Magazine article Book

The Jury Is out, Reading. (Epilogue)

Magazine article Book

The Jury Is out, Reading. (Epilogue)

Article excerpt

THE ROOM IS SO QUIET I CAN HEAR JUROR NO. I SWALLOW as she sips coffee and turns a page in her book. Jurors drink lots of coffee, but we seldom speak. The first day, we gabbed about the weather, the waiting, the bathrooms, the X-ray machines we pass through when we enter the courthouse. Now, mostly we read. Juror No. 1, a criminal-justice student, turns another page in her book, a bestseller about biological weapons. "Looks like scary stuff," I whisper, and she nods.

To my left, Juror No. 5, a young attorney fresh from his bar exam, reads a Harry Potter book. I glance around the room, taking inventory of the other jurors' books: Jonathan Franzen's The Corrections. The new Annie Proulx novel. A courtroom potboiler. Directly across the table from me, Alternate No. 2, a juvenile-corrections officer, flips through the sports pages, which must not qualify as news or someone surely would have said something. Reading the news, the judge has warned us, is forbidden during the course of the trial, though I can't imagine that this trial--a trip-and-fall case involving an elderly nanny injured in a big-name drugstore-would be covered in the media. Still, I'm staying away from newspapers. Instead, I've brought The Merchant of Venice to research a poem I'm writing about justice and mercy, two subjects Portia had a lot to say about in her famous courtroom speech.

I wonder if the judge would confiscate the play if she knew what I was reading. We jurors have been told to leave our sympathies outside the courtroom, and up until today I've done fairly well. Yesterday, I stared stonily when the plaintiff's eyes--and those of her daughter--teared up. And when the attorney mentioned the plaintiff's age, I tried not to think she was the same age as my mother. But now Portia is softening me up: "Though justice be thy plea, consider this, / That in the course of justice none of us / Should see salvation."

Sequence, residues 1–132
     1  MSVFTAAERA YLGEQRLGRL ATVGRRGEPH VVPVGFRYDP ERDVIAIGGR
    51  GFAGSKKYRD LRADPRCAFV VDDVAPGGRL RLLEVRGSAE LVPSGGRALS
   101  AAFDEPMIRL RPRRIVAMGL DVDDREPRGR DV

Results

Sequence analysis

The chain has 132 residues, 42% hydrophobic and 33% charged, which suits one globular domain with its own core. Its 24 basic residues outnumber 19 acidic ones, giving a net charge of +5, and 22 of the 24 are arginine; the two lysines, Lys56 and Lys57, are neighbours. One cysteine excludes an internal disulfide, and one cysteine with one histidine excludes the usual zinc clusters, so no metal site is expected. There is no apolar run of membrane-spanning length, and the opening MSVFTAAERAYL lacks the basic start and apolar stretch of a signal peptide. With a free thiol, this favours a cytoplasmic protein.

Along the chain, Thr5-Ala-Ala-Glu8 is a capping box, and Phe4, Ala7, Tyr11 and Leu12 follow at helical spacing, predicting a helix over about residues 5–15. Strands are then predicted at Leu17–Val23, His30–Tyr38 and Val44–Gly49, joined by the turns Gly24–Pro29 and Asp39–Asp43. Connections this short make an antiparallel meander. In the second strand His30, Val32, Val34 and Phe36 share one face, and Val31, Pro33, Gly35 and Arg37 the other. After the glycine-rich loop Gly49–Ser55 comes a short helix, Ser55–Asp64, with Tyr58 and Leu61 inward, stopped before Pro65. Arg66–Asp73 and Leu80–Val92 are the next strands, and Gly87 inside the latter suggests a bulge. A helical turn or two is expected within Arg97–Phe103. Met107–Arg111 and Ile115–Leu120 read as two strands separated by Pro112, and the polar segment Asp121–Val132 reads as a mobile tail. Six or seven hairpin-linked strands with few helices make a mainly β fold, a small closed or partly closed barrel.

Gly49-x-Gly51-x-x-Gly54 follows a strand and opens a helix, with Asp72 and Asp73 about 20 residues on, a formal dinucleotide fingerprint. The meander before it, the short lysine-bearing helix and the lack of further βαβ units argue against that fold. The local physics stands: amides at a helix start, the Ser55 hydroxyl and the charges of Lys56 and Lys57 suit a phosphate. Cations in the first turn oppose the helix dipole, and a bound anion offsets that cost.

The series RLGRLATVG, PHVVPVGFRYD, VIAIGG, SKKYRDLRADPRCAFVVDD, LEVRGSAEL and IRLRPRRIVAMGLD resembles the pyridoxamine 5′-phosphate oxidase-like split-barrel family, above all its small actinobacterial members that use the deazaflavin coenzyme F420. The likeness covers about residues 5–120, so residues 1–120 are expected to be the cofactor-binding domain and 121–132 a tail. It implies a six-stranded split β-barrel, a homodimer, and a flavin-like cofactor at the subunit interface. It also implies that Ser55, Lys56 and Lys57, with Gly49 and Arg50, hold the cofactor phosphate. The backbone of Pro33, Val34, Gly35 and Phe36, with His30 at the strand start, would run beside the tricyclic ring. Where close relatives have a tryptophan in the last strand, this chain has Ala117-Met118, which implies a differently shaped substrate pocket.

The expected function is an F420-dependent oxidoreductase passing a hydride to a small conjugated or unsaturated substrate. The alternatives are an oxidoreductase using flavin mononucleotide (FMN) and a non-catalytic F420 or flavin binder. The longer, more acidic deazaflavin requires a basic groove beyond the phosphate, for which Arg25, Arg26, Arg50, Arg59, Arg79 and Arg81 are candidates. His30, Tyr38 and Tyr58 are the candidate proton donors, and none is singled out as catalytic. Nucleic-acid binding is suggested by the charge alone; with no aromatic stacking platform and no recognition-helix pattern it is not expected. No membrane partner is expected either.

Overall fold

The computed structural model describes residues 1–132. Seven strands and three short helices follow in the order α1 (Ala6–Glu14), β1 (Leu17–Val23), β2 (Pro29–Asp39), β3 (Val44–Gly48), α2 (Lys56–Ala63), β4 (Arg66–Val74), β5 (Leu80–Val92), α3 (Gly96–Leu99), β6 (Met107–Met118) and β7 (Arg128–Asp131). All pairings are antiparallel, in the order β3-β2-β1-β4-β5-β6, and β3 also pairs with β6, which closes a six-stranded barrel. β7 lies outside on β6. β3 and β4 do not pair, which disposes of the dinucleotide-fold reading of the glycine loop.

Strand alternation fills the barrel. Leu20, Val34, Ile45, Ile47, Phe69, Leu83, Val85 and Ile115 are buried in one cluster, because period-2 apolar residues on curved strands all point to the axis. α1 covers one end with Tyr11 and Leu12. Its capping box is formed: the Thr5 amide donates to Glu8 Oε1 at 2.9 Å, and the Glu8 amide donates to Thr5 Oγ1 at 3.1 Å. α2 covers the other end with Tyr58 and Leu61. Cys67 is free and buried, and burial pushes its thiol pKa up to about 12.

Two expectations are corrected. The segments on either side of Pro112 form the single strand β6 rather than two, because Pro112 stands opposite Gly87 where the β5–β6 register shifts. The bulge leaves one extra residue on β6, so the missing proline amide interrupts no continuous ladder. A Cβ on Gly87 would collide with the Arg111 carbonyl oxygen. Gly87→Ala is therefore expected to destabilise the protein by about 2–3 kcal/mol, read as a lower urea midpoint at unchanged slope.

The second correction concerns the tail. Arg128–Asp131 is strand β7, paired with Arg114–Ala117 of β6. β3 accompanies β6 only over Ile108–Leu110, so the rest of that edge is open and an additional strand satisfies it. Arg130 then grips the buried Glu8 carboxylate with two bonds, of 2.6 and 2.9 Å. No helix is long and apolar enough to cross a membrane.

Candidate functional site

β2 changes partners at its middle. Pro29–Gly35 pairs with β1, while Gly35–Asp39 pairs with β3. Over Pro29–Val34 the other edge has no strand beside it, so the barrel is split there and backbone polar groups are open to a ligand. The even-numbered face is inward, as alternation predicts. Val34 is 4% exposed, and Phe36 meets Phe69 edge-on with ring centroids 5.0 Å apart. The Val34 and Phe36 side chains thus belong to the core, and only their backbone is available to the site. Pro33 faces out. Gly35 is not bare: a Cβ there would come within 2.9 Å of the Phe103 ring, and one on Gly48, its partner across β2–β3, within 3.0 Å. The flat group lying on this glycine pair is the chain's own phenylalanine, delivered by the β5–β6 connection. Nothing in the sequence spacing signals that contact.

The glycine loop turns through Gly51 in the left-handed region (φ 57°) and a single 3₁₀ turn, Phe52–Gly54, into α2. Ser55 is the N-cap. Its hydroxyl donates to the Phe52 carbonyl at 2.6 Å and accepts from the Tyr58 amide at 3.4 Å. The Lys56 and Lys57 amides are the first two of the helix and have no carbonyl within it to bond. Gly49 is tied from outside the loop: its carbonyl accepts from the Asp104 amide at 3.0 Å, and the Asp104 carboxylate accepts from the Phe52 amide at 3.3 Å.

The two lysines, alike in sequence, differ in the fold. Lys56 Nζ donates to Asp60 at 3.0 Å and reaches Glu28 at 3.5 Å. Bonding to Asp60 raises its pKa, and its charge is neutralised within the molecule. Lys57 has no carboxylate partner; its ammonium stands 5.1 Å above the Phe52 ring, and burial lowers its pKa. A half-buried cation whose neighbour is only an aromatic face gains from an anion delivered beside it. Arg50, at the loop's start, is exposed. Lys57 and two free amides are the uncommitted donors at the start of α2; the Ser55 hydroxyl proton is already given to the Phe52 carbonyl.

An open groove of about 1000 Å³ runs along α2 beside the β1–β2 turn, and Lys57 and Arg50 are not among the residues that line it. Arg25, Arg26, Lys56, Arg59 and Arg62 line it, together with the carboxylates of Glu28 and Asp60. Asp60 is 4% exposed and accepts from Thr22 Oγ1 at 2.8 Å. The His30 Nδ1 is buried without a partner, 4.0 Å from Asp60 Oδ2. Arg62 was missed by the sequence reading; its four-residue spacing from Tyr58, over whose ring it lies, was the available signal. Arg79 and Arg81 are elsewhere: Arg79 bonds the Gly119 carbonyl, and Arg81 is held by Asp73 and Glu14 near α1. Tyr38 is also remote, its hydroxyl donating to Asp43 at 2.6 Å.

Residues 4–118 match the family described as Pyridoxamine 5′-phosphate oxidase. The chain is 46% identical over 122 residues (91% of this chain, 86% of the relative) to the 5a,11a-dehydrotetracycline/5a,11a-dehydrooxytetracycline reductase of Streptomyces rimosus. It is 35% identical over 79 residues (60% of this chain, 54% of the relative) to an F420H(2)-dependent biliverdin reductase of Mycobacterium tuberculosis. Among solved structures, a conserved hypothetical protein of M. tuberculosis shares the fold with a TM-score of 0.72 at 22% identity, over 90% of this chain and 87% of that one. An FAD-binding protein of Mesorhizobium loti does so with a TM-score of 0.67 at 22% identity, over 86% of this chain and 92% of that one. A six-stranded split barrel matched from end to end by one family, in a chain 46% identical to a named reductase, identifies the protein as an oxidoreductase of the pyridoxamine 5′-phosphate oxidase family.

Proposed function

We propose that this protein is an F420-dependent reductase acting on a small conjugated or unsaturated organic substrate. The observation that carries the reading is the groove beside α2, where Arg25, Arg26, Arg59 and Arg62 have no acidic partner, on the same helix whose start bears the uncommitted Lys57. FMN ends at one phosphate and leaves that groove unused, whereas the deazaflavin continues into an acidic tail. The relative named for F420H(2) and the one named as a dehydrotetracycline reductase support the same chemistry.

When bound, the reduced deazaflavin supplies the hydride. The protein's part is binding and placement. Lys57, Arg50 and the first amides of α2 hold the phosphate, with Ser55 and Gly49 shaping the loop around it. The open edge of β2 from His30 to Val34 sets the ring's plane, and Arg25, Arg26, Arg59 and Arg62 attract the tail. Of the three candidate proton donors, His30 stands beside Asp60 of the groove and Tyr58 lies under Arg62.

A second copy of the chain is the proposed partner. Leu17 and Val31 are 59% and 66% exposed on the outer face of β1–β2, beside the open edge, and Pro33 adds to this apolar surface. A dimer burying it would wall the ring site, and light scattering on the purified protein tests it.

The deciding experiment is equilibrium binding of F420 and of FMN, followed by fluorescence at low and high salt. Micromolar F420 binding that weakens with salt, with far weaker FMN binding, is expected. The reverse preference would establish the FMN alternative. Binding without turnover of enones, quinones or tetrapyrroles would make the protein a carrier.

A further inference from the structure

Maybe it would be better, for justice's sake, to choose nonreaders as jurors. Reading is all about sympathy; literature survives on it. Through books, opinions are formed and reformed, behaviors altered. Will Juror No. 1 look at the world more soberly now that she's halfway through the book on biological weapons? Now that she's glimpsed the underworld of secrecy and plots, she may be less willing to believe a witness's testimony. And what about the juror finishing The Corrections? Maybe she's thinking the plaintiff's family is dysfunctional too, that the daughter, angrily testifying on her mother's behalf, was herself the negligent party. Parents and children: a minefield of possibilities, I'm thinking as I reconsider a line in my poem, a reference to Shylock's betrayal by his daughter. …

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